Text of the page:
Among the Fallen
The ability to recognize one’s humanity and see the humanity of others is a life-saving gift. Among the Fallen is the story of Orpha, an inmate and survivor, who possesses this gift. Once a free spirit and trained actress, Orpha lost her parents and is forced into a workhouse and then to Tothill Fields prison. At age sixteen, she has endured two years in London’s prison for children. Near the end of her sentence in 1857, Orpha and several girls in E wing receive a letter from a stranger, Charles Dickens, inviting them to Urania Cottage, a home for fallen women.
Although Orpha is terrified to accept, she moves to Urania Cottage. There she finds the love and support of the matrons, benefactress, and the other fallen girls. Charles Dickens also becomes an important force in her life, setting the rules, demanding perfection in all things domestic, and urging Orpha to share her story with him. While she is keenly aware of his shortcomings, she is ultimately inspired, not only by his brilliance, but by his ability to see women, children, and the poor as people. People worthy of a voice.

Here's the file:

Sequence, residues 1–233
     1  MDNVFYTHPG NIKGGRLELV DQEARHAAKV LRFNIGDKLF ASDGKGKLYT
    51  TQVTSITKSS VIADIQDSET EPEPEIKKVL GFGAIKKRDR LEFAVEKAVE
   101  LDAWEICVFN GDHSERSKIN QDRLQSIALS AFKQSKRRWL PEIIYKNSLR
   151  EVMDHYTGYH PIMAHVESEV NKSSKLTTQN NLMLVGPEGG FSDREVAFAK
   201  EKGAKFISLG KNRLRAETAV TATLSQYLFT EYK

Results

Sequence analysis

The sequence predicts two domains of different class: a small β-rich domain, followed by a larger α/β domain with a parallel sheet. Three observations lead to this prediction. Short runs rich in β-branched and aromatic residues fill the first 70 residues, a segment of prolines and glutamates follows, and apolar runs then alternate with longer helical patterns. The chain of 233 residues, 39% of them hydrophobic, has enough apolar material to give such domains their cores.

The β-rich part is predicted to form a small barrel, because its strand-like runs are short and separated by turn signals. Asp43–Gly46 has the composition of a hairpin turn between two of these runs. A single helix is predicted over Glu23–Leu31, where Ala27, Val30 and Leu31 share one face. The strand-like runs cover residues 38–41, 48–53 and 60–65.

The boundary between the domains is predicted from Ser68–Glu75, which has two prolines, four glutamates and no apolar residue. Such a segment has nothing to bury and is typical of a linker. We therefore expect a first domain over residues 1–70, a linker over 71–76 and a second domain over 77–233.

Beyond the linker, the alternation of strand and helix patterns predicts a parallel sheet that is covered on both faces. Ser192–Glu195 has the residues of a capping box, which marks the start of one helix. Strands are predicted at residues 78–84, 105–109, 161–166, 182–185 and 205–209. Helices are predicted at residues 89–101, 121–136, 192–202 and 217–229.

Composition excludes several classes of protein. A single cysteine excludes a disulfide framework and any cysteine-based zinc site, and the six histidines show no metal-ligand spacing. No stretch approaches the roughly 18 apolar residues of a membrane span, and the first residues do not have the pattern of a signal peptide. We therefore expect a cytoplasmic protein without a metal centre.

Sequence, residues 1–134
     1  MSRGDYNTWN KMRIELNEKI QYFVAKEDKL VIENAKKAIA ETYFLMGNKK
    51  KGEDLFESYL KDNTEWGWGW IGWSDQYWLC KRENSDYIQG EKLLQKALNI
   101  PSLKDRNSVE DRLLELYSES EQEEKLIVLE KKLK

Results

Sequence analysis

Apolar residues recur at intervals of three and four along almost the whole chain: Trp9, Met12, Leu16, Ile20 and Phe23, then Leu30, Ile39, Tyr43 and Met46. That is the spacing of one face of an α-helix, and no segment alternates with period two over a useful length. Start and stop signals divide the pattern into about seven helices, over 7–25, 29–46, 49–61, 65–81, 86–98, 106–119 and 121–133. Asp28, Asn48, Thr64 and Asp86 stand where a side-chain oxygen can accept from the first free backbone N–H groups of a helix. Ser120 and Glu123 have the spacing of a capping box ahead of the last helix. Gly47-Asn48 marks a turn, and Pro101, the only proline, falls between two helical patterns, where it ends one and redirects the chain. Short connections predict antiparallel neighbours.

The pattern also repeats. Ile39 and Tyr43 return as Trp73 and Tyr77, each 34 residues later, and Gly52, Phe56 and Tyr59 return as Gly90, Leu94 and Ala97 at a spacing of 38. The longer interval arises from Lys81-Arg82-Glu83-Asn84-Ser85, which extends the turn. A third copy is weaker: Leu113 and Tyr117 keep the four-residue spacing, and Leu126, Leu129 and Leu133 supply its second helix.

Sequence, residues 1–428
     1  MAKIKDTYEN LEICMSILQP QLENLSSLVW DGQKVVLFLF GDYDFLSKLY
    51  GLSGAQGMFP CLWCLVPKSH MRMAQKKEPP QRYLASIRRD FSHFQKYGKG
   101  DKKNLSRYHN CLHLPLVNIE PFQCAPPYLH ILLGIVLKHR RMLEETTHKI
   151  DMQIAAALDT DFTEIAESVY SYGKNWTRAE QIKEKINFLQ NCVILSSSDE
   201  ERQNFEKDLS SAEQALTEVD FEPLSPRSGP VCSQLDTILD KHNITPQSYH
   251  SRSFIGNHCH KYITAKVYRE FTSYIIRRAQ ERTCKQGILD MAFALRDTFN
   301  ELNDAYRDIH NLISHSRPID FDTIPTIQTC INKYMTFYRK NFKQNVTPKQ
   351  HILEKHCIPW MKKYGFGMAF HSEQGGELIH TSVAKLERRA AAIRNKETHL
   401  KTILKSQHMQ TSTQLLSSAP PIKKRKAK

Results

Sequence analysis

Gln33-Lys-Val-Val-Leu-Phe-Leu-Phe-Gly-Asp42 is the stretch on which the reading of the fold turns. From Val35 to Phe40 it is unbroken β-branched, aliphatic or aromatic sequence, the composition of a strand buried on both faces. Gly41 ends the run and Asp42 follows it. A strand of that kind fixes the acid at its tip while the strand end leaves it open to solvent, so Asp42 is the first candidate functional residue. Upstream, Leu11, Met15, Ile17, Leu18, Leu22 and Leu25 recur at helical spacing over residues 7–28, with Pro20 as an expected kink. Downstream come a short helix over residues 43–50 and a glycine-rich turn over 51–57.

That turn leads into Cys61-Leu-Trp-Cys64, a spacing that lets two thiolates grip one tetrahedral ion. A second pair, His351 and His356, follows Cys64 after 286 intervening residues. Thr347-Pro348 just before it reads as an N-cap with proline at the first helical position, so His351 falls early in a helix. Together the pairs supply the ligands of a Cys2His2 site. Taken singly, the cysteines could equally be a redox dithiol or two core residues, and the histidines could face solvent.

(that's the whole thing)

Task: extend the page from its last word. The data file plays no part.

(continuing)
I highly recommend this novel to readers fourteen and up. Schwartz explores sexual violence and its aftermath in frank terms. More importantly, she explores the journey of healing with nuance, kindness, and clarity. It is the story of reclaiming self, childhood, and friendship.